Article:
HFIR Beryllium Reflector Replacement

HBRRThe High Flux Isotope Reactor (HFIR) at Oak Ridge National Laboratory (ORNL) provides one of the highest steady-state neutron fluxes of any research reactor in the world. The thermal and cold neutrons produced by HFIR are used for research into the fundamental properties of materials, including biological and engineered materials, enabling researchers to make scientific discoveries and address some of the biggest challenges facing society today, such as the clean energy transition.

ORNL is planning to replace HFIR’s permanent beryllium reflector, along with other key reactor core components, to sustain and enhance HFIR’s operational performance. See the 5-year planning schedule for up-to-date projections.

The beryllium reflector helps drive neutron production by reflecting stray neutrons back into the core as they are generated. After more than 20 years of successful operation, the reflector is approaching the end of its lifetime and will need to be replaced.

The HFIR Beryllium Reflector Replacement (HBRR) project will feature:

  • A new design for the beryllium reflector and beam tubes, which will optimize isotope production and irradiation experiments while sustaining HFIR’s world-leading neutron scattering instrument performance.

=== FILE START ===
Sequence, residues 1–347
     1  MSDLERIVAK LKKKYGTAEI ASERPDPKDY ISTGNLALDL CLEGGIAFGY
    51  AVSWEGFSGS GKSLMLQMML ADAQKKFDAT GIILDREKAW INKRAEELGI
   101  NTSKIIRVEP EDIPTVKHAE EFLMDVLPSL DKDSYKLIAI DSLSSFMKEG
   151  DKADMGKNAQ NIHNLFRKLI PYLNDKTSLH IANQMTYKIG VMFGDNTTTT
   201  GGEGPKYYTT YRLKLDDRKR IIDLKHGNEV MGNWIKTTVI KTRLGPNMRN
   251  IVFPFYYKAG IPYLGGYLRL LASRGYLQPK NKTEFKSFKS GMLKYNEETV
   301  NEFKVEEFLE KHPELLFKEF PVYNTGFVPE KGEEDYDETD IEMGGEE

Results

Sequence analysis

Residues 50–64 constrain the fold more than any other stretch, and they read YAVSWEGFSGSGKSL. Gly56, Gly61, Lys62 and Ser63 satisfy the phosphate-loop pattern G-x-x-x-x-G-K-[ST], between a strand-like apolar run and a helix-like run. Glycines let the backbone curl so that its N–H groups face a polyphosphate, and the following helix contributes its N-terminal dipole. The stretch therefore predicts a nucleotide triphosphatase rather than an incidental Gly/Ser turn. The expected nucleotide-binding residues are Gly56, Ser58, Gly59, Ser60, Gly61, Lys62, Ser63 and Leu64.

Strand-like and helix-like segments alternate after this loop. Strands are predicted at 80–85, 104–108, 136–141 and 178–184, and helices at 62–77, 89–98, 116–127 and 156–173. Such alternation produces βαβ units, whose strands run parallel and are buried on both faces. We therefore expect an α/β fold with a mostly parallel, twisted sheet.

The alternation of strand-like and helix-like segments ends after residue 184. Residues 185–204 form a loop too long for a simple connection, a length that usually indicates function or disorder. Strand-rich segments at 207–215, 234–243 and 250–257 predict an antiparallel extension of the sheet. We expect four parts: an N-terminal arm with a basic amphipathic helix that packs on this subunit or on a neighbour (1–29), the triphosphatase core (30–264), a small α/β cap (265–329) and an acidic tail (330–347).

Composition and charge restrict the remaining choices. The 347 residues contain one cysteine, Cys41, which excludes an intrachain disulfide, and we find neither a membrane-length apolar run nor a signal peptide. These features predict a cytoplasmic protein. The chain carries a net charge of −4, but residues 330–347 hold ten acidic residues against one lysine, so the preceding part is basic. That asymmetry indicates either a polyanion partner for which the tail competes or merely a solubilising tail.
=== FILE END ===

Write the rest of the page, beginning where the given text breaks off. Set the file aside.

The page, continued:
• Removal and reinstallation of all instruments from the thermal beam room to allow for beam tube disassembly of horizontal beam (HB) ports HB-1, -2, and -3.
  • A redesigned neutron guide network on HB-4, used for transporting beams of cold neutrons to instruments, that will capitalize on the latest technological improvements in neutron optics designs and materials.
  • Removal of legacy waste from the reactor pool and cleanout of the pool.

In addition to the activities listed above, ORNL will take the opportunity that the HBRR presents to implement a series of upgrades which will enhance and increase the performance of the HFIR facility and increase science capabilities.

Some of these activities will include:

  • Extension to the cold guide hall of roughly an additional 5,500 square feet to allow for reconfiguring and optimizing of the facility’s cold neutron instruments to significantly improve their performance, develop new capabilities, and provide space for new instruments (see FUTURE projects)
  • Repairs and improvements to the supporting HFIR infrastructure, such as utilities and shielding, in both the beam room and cold guide hall.
  • Opportunistic upgrades to the instrument suite in both the thermal beam room and the cold guide hall, including reconfiguration and optimization to improve performance and develop new capabilities.


See the schedule for current projections on how all of these activities will be integrated.